ArticleS. PaulPagel.
OverMocking [add child]

Over Mocking

I have noticed using more mocks lately. Instead of using them sparingly for controlling services which are not instrumental to what I am testing, I am essentially using them as a way to isolated what I am testing. This has me noticing a side effect I am not entirely comfortable with. To use the mock, I need to be able to have the mock in the production code, which means I need to inject an abstraction of the mock (dynamic mocks will do that for you).

So, the side effect is long parameter lists, specifically in constructors. Everything takes almost all the objects it uses. Then, to create the production objects are factories. I am using many more factories than I would without mass mocking. I am not sure if this is a good use of dependency decoupling and factory building as design techniques, or if this is a symptom of over design and tightly coupling the mocks to the tests, making it more difficult to change the tests without changing the interface the mock is implementing. Thoughts?

 Wed, 24 May 2006 14:03:11, Dave Hoover, Create a default constructor
Try poor man's dependency injection: have a constructor that allows you to inject your dependencies (hidden behind interfaces) for testing, then have a default constructor that instantiates the concrete objects and injects them itself.
 Wed, 24 May 2006 15:01:02, David Chelimsky, too many dependencies either way
I don't think mocks or factories are the real problem here. If A depends on the services of B,C,D,E,F,G,H and I, then it's depending on too many things whether you inject the objects or instantiate them internally.
 Wed, 24 May 2006 16:57:06, ,
Don't "inject" dependencies. Mock an object's peers in tests and pass real peers to it's constructor or as method arguments. Composite objects should create objects they use internally and not expose them at the constructor. A composite object should be simpler than the sum of its parts. Also, avoid passing all dependencies into an object's constructor: you can probably pass collaborators as method arguments, not constructor arguments.
 Wed, 24 May 2006 17:24:56, Dave Hoover, Listen to Chelimsky
The smell of a long parameter list leads me to think you may be able to collapse some objects behaind a coarser-grained interface.
 Thu, 25 May 2006 11:24:12, Ryan Cooper, DI Containers
I find using a DI container like PicoContainer[?] eases the pain by making all (or most of) those factories unnecessary.

I'm still not happy about the long parameter lists in constructors, so I think I will give a few of the suggestions above a try. Thanks all.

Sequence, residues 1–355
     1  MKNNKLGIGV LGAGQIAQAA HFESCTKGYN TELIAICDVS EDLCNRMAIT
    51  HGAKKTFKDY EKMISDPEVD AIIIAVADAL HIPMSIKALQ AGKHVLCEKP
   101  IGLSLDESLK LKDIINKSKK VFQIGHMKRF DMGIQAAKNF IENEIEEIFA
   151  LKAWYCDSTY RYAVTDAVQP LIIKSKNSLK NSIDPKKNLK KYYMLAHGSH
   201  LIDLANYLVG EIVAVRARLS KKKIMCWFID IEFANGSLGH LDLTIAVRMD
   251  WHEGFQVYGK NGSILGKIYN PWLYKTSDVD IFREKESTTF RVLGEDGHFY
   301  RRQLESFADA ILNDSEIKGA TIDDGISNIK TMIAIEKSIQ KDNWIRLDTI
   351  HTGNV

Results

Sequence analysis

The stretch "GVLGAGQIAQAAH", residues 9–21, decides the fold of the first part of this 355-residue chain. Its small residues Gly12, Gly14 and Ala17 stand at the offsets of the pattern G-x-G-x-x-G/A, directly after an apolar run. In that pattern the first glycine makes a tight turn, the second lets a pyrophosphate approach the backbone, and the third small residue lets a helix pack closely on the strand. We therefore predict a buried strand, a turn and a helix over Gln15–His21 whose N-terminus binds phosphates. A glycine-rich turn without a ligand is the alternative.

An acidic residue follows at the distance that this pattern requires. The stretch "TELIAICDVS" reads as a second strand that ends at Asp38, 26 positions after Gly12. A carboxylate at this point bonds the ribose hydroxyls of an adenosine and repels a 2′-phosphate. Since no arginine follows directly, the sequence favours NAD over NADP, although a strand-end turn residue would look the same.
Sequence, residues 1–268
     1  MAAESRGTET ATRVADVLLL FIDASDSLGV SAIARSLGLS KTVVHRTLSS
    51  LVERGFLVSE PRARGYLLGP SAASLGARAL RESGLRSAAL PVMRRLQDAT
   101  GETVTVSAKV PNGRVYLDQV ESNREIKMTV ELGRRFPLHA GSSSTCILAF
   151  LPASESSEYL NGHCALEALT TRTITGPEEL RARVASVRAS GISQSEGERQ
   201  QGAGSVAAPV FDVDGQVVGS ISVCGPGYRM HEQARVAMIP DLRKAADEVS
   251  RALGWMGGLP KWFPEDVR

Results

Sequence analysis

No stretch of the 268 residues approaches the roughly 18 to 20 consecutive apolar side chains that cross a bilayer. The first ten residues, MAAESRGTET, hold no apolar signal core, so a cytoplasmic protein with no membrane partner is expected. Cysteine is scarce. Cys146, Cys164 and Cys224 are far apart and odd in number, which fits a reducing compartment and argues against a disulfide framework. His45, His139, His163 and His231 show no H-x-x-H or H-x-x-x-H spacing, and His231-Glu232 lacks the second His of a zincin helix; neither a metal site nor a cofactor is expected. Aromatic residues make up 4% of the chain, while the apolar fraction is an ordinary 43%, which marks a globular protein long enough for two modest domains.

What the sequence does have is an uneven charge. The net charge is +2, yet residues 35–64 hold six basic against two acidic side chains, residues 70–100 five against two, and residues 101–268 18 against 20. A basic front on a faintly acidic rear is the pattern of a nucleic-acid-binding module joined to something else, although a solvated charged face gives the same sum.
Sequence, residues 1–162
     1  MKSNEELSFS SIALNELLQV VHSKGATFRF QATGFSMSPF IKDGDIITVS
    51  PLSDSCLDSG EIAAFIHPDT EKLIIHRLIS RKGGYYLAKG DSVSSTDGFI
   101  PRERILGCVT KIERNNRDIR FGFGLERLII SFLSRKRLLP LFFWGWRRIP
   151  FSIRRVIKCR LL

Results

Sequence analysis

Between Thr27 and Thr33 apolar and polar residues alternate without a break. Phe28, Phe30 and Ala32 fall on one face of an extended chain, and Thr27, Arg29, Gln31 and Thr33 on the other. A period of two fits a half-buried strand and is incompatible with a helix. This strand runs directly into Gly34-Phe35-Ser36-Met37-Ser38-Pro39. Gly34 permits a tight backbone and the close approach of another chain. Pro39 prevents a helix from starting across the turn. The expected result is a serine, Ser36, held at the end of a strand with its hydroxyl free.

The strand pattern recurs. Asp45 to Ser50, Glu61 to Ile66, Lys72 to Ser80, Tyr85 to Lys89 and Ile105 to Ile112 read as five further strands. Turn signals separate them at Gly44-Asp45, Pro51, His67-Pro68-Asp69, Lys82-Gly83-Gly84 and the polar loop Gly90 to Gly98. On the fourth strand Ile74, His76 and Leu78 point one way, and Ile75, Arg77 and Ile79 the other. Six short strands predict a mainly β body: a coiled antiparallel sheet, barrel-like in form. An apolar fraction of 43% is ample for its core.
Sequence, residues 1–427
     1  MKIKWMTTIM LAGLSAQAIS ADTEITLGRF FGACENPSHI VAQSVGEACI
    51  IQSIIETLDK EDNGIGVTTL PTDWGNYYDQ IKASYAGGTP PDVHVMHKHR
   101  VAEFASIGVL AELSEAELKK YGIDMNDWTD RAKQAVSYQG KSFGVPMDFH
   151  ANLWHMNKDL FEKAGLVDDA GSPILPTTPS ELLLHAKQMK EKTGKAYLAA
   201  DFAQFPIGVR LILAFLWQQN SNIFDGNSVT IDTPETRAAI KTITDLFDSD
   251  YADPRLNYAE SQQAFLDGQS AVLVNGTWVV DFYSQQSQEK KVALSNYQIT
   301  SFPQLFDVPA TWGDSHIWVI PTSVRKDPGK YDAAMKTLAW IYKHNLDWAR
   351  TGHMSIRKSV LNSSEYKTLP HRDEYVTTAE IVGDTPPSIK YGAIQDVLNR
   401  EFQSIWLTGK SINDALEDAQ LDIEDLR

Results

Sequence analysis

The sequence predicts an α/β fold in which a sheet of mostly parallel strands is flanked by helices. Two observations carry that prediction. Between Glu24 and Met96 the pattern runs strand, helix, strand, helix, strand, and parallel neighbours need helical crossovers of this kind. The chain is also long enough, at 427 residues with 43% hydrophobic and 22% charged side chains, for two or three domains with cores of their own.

Thu, 25 May 2006 16:08:05, Tim Ottinger, The "Airplane" retort
"I'll never be over mocking!"

 Fri, 26 May 2006 10:48:42, Asher Sterkin, Over Mocking
Personally I mock whatever and whenever I can. Usually a hardship with mocking reveals some interesting deeper design problems. If there are too many arguments for constructor it probably means the class under test has too many dependencies, which means a problem with cohesion. In my experience I seldom need to mock more than 5 interfaces per test case. It's usually one or two as constructor arguments and two, max three for returned objects. If it's more I try to re-factor.
 Fri, 26 May 2006 16:25:43, Paul Pagel,
"In my experience I seldom need to mock more than 5 interfaces per test case."
Do you only mock interfaces?
 Sat, 27 May 2006 19:49:22, Rogerio Liesenfeld, I prefer to obtain dependencies with "new" wherever possible
In the large (8000+ classes) J2EE web app I am currently working, many business classes obtain instances of other business classes by simply instantiating them with the "new" operator. Besides being the simplest way to obtain dependencies, this allows business service classes to maintain client-specific state, so that private methods don't need to have any parameters.

Of course, with the mock objects tools previously available, it would have been difficult to unit test such classes. But I wanted to use "new", and also have final classes, final methods, and static methods where appropriate.
So, with that "itch to scratch", I went ahead and created a new tool that would free me to design the application without constraints, and still have complete unit tests.

If anyone wants to give it a try, the tool is here:
 Fri, 9 Jun 2006 10:30:20, Asher Sterkin, Over Mocking
"Do you only mock inerfaces?" Not only, but I prefer so. In C++ it really doesn't matter since there is no good mock library (I use my own which is based on link time substitution; I plan to sourceforge it soon). In Java and C# interfaces do not cost too much, but sometimes you have a class comming from the infrastrucure. You would like to mock it but you do not want to wrap it with an extra interface. For example I recently mocked Java's TimerTask[?]::cancel in order to validate that in a certain scenario a timer cancellation request is sent properly. I also do test what will my program do if the TimerTask[?]::cancel returns false (too late to cancel).